arrow-left icon arrow-right icon behance icon cart icon chevron-left icon chevron-right icon comment icon cross-circle icon cross icon expand-less-solid icon expand-less icon expand-more-solid icon expand-more icon facebook icon flickr icon google-plus icon googleplus icon instagram icon kickstarter icon link icon mail icon menu icon minus icon myspace icon payment-amazon_payments icon payment-american_express icon ApplePay payment-cirrus icon payment-diners_club icon payment-discover icon payment-google icon payment-interac icon payment-jcb icon payment-maestro icon payment-master icon payment-paypal icon payment-shopifypay payment-stripe icon payment-visa icon pinterest-circle icon pinterest icon play-circle-fill icon play-circle-outline icon plus-circle icon plus icon rss icon search icon tumblr icon twitter icon vimeo icon vine icon youtube icon
My Cup of Tea
5 Denman Place, London, W1D 7AH T: +44 (0) 207 287 2255

Benefits of Green Tea

Jul 22, 2020 by Ausra Burg

Green tea is thought to be one of the healthiest beverages on the planet. There are water-solubleand water-insoluble compounds in tea that have a diverse range of positive health effects. To take advantage of all the nutrients found in tea, it is recommended to enjoy both tea infusions and matcha daily. Matcha provides all the possible benefits, as well as providing fibre and chlorophyll,since the whole leaf is ingested in powder form and includes the water-insoluble compounds.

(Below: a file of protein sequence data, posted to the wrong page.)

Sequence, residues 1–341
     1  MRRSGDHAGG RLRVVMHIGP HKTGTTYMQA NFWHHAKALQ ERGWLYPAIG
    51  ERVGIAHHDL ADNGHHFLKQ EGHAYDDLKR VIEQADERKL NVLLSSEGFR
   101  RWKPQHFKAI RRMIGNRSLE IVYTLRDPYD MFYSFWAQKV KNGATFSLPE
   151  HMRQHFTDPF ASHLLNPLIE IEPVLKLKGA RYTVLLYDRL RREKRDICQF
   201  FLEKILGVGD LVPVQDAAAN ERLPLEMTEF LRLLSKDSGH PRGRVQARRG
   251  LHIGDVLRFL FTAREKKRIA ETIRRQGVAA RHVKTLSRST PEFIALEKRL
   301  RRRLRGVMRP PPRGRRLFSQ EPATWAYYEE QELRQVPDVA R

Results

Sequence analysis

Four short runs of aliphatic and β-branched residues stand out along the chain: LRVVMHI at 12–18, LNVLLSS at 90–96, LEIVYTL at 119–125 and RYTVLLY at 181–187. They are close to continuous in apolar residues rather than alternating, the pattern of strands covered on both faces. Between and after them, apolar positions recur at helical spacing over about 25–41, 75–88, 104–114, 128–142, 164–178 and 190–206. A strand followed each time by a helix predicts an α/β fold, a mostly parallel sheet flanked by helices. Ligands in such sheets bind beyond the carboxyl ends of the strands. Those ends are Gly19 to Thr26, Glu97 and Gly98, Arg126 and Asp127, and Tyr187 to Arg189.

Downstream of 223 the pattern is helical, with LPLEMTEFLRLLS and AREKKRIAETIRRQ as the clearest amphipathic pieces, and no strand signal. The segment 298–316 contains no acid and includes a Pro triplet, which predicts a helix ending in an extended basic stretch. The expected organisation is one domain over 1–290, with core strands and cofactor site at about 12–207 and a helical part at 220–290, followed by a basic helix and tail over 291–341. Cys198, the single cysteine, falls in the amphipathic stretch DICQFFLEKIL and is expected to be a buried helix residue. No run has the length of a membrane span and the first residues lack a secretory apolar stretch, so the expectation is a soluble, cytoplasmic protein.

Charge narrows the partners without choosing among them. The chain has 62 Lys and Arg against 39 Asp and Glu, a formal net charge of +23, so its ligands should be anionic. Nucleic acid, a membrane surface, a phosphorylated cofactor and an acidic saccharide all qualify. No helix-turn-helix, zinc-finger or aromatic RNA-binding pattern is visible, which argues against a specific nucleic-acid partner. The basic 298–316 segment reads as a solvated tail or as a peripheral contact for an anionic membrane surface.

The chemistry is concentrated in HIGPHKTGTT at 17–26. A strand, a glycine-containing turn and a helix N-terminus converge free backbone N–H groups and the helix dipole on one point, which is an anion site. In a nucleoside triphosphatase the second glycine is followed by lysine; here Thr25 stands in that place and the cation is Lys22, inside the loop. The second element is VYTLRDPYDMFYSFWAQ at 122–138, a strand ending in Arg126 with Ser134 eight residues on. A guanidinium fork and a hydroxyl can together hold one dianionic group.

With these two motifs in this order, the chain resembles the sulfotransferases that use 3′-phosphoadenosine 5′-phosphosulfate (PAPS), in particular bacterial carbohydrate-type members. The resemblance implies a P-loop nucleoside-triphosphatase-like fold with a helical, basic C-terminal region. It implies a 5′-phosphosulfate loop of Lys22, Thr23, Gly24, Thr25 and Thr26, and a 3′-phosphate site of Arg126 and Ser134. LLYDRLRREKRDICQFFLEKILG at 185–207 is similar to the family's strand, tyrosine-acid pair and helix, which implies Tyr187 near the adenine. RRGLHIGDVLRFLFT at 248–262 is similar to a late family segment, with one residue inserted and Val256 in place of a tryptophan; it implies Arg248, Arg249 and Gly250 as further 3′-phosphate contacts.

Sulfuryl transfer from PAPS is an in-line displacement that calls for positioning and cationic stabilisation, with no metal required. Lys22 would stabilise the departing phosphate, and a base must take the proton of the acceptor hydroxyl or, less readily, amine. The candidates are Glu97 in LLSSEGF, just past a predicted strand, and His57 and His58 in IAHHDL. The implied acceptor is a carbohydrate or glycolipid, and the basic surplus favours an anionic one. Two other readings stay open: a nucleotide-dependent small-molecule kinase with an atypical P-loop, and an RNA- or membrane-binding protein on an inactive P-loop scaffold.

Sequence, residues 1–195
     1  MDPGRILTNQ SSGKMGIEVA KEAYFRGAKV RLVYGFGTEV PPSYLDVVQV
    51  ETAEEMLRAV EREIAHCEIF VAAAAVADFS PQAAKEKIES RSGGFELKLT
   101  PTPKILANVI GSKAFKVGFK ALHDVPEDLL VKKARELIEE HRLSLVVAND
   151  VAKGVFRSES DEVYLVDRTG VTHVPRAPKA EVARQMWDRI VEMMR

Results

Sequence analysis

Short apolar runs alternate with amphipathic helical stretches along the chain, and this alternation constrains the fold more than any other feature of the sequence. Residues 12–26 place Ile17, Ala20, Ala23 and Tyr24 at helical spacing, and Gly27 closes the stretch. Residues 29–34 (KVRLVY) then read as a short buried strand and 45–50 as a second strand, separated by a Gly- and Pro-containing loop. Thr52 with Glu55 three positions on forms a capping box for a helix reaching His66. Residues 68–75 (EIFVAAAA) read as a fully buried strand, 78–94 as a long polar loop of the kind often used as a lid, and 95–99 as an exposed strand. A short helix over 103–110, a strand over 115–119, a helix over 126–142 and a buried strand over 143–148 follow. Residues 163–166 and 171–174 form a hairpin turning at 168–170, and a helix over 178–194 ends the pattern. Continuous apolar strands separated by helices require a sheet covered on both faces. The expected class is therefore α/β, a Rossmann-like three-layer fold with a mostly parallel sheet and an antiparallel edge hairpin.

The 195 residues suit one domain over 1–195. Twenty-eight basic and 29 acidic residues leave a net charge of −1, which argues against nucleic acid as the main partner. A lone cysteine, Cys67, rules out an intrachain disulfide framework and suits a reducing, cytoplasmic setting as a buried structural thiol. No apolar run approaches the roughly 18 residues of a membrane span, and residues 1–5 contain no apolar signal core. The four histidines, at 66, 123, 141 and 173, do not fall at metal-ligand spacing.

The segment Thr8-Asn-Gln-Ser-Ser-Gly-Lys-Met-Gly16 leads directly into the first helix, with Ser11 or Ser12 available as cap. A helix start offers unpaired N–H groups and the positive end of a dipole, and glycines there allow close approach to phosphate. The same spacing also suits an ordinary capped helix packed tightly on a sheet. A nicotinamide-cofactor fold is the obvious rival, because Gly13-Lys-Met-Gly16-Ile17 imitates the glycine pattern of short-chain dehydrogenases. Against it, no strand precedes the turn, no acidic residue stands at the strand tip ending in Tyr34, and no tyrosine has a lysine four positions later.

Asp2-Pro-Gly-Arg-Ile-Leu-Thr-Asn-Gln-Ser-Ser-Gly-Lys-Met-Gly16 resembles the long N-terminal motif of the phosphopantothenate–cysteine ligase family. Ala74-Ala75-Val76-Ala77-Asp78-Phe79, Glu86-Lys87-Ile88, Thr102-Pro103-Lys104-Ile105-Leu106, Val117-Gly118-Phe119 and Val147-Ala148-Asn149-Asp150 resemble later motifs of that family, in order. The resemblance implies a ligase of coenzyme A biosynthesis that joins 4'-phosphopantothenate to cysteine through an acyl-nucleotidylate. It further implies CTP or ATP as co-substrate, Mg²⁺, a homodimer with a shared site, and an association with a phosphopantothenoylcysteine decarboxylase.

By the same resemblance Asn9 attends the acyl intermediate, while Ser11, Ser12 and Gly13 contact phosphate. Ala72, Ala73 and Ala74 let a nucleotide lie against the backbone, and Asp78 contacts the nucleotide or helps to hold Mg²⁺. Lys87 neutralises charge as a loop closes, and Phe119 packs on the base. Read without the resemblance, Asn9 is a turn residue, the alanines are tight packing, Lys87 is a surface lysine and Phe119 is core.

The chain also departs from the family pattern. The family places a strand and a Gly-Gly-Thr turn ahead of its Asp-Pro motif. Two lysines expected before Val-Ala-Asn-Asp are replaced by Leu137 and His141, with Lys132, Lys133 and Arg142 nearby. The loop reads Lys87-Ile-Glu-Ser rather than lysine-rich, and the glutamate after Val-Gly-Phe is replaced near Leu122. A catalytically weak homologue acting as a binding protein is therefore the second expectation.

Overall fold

Green tea is a rich source of vitamins A, C, E, and many of the B vitamins. The water-insolubleVitamin A is found in matcha, which is good for your skin and strengthens respiratory and digestive organs.  There is a wealth of minerals too, including potassium, calcium, phosphorus, and magnesium, all  ofwhich play critical roles in many functions of our bodies.

Other compounds found in tea include the amino acid L-theanine known to keep us feeling calm and peaceful, and caffeine which has a refreshing effect and is a diuretic.

The polyphenols in tea are antioxidants. They are believed to prevent food poisoning and some life-style related diseases including high blood pressure and thought to have anti carcinogenic properties. They have antibacterial benefits: you can gargle with tea, use it topically by applying softened tea leaves on to your skin, or a cloth soaked in a strongly brewed tea.

The antioxidants also have a very practical use and can prevent rust on iron pots and pans by rubbing the surface with used tea leaves. Green tea leaves have a powerful deodorizing effect, again due to the polyphenols. Drinking green tea after a meal can freshen your breath. You can roast old, unwanted tea leaves in a frying pan and use as incense, letting the smoke freshen a room. Dried  brewed tea leaves can be placed in a fridge, a car, or shoes to remove any unwanted odours.